AI has been a clear priority for the current European Commission from day one. But it was the commissioner for the internal market, Thierry Breton, who really put the emphasis on data. Data and AI go together: if we do not have data ‘flowing’ between different actors, whether public or private, and across borders, Europe cannot be number one in the world in reaping the benefits of digitalisation or AI.

On the European Parliament’s own-initiative report on data strategy—its answer to the commission communication in February—I have the honour to act as the industry committee’s rapporteur. The aim is to find a parliament position before the commission publishes concrete legislative proposals, such as the envisaged enabling legislative framework for the governance of common European data spaces, data act and implementing act on high-value data sets. From the standpoint of European citizens, the focus is clear: how to harness the potential of data to enable new services, business opportunities and jobs, while ensuring the digital transformation doesn’t leave behind common European values?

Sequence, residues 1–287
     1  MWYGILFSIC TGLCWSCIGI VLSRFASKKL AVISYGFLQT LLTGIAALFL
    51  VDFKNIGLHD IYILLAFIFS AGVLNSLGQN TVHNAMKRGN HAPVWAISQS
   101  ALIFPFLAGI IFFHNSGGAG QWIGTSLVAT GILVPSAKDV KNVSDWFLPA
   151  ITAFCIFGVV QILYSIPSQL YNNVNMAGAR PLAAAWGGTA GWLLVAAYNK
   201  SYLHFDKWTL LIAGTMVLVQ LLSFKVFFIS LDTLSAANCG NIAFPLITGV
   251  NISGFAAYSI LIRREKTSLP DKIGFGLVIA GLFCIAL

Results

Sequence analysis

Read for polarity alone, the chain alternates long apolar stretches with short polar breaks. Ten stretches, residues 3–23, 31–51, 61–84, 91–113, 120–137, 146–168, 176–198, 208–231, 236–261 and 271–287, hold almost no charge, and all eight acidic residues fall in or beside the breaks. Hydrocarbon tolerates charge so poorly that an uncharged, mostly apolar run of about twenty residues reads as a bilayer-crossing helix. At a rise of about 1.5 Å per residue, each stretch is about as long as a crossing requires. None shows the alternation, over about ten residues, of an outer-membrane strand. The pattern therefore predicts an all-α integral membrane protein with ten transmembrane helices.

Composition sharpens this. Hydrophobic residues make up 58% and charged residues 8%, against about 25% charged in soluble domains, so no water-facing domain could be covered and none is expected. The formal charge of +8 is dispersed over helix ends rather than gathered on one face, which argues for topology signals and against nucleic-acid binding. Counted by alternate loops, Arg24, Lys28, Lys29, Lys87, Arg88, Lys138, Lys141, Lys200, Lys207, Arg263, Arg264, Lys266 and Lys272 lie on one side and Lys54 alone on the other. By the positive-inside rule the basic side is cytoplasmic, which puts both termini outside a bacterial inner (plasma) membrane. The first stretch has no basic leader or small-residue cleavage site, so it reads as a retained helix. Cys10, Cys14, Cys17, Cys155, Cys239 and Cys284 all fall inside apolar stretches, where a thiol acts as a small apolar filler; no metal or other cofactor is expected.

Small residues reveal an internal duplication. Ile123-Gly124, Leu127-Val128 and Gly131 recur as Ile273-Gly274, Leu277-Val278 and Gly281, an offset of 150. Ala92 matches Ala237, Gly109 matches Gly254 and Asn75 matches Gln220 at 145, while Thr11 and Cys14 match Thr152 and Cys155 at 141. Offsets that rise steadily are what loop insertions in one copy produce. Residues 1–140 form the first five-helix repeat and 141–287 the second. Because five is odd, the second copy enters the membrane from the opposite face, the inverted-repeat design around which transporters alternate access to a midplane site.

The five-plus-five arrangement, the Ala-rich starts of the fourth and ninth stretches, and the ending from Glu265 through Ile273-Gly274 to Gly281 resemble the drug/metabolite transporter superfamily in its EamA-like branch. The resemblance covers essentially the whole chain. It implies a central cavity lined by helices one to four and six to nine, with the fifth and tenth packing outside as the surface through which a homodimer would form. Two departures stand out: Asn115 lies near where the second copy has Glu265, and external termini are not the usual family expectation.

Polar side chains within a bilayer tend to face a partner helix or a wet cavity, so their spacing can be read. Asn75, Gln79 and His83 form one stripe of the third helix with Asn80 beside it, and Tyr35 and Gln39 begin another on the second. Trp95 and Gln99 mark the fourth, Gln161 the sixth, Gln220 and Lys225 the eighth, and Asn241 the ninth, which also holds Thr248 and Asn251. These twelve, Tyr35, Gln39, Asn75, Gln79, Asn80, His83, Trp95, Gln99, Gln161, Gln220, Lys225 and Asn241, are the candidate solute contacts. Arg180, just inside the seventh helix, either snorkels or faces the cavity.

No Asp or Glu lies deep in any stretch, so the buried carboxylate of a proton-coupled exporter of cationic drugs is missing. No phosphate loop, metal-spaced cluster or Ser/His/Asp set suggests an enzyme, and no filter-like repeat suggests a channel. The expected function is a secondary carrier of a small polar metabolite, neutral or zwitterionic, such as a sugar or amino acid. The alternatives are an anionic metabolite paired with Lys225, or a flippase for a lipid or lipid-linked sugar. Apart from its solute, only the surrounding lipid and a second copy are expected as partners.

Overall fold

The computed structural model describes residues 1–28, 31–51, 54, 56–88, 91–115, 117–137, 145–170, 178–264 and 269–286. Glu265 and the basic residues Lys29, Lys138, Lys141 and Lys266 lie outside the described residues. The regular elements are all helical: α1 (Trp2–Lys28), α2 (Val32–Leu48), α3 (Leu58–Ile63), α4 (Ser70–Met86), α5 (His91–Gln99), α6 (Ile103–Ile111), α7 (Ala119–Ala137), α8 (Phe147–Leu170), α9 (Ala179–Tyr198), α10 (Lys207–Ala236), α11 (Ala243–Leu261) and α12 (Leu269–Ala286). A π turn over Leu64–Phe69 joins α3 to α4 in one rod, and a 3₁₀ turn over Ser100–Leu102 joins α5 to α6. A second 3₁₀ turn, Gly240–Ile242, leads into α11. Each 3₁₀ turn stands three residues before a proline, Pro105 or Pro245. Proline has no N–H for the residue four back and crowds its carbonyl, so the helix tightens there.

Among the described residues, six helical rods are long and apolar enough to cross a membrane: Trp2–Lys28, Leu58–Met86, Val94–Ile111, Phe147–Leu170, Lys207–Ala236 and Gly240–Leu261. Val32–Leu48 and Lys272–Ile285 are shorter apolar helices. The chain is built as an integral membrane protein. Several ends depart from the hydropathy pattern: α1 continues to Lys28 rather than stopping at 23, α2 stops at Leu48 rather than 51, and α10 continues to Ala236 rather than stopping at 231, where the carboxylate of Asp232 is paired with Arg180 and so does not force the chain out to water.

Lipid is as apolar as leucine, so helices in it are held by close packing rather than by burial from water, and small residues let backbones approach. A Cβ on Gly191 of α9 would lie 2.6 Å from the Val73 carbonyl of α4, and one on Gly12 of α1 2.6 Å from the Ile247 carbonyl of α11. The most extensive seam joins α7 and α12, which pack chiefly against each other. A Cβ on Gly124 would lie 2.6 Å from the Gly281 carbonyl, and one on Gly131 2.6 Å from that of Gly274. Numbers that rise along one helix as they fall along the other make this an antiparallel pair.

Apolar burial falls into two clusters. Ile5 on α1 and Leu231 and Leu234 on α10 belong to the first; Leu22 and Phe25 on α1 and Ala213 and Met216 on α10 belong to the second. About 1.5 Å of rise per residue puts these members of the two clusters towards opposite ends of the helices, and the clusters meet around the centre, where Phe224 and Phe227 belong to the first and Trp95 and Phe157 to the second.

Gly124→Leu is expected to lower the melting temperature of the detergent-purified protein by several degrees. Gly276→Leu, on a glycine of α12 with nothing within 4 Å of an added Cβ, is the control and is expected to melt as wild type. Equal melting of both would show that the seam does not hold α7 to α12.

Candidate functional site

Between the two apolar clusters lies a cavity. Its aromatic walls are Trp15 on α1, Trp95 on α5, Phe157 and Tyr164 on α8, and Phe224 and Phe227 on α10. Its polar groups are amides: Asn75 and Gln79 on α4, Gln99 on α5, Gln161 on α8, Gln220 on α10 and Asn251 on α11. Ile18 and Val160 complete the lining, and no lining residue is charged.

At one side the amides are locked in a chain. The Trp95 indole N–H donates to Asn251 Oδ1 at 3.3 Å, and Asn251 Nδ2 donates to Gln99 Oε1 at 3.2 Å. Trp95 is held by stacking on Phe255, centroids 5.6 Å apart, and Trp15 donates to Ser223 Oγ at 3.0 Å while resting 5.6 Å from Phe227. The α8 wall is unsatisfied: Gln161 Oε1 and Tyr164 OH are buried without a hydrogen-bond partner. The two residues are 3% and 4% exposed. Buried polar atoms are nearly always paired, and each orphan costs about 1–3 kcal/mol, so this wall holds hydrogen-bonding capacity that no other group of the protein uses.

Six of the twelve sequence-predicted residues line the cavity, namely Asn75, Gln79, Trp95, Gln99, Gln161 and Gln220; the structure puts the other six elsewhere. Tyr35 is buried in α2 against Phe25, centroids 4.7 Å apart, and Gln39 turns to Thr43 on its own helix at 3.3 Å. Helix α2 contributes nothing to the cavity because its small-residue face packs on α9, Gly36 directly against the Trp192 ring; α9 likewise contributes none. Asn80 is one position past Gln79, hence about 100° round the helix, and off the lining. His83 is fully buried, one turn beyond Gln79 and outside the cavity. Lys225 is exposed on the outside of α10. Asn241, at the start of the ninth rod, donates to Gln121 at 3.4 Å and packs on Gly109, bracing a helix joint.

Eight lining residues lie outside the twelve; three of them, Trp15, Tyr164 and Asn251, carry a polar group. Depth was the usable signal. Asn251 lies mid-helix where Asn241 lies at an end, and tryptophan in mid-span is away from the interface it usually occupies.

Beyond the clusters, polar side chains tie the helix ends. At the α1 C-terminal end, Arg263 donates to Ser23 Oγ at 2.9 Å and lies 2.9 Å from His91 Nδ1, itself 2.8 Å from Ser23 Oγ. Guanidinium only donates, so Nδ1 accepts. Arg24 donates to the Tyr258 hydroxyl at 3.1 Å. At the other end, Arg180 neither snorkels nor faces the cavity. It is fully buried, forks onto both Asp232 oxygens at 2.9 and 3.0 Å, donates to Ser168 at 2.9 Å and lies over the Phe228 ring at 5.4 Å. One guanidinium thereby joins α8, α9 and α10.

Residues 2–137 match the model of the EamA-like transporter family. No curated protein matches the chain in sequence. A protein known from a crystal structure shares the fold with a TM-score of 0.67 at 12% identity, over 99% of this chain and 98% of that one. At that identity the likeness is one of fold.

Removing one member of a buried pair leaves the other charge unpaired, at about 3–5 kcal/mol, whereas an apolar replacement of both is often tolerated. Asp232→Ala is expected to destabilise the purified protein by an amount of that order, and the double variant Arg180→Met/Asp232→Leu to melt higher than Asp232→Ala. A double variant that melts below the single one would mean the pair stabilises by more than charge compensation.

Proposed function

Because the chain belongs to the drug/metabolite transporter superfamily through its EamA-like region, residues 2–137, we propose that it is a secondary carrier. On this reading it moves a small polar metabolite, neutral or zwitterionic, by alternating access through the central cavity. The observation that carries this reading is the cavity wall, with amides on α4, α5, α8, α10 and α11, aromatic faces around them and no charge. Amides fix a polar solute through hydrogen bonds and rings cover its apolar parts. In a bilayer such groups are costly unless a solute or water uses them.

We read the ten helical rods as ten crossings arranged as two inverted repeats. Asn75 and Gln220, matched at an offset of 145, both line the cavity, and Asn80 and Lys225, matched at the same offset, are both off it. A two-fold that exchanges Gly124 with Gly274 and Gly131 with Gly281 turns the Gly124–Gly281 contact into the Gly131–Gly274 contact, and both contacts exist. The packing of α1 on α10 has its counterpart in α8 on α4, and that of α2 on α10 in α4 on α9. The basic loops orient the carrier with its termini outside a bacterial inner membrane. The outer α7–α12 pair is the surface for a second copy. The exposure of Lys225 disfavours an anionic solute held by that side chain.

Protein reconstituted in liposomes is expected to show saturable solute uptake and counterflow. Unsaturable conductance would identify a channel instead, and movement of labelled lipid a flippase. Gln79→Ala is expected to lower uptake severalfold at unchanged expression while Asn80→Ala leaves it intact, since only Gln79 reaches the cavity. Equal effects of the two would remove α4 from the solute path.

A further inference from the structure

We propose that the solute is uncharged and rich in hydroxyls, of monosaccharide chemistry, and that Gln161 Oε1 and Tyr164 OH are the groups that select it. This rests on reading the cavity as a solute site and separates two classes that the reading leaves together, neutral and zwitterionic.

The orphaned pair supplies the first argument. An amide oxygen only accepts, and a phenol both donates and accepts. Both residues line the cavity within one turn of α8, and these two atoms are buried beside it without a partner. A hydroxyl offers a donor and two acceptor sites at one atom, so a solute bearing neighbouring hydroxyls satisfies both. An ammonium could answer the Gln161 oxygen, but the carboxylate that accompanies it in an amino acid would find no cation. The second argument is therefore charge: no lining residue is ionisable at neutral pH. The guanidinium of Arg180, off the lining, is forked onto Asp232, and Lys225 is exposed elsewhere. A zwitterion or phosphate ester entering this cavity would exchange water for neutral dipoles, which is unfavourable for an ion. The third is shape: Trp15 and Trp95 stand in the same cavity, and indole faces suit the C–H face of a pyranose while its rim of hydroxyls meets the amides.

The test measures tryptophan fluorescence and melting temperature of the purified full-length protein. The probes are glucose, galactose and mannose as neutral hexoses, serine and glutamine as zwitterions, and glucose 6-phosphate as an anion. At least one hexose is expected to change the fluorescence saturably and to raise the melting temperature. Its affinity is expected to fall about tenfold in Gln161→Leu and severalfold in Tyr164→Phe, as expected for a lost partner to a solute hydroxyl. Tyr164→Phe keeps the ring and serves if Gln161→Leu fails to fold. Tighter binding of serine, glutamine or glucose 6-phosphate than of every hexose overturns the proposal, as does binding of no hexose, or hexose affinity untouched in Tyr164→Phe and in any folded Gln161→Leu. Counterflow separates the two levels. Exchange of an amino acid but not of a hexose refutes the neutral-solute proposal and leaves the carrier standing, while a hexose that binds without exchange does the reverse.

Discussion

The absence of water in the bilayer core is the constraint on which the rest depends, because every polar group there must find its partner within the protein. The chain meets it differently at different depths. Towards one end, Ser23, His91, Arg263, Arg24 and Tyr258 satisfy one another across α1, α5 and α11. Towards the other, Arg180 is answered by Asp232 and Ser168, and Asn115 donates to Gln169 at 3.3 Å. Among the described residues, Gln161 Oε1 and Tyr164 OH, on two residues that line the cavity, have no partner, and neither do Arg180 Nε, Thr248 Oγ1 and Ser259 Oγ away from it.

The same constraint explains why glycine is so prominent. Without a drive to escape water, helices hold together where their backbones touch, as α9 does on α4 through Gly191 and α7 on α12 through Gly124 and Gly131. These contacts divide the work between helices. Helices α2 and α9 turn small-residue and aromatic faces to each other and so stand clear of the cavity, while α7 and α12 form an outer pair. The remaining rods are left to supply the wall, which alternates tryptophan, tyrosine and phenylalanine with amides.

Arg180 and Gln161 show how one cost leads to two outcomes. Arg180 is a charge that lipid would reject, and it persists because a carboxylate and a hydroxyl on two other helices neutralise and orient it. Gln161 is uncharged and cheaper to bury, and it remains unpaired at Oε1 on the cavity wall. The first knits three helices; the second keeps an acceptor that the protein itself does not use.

At the same time, it is important to understand that the digital market is truly a global one. I have an opportunity to follow also the global digital debate from the international-trade perspective as a standing rapporteur on World Trade Organization e-commerce negotiations in the European Parliament’s international trade committee. The EU must be an active global player and influence the development of the digital world based on its values—not the other way around. For example, we must put the focus on European competition policy: Europeans must define the rules, values and level playing field of the market; we should not be satisfied only with what others dictate.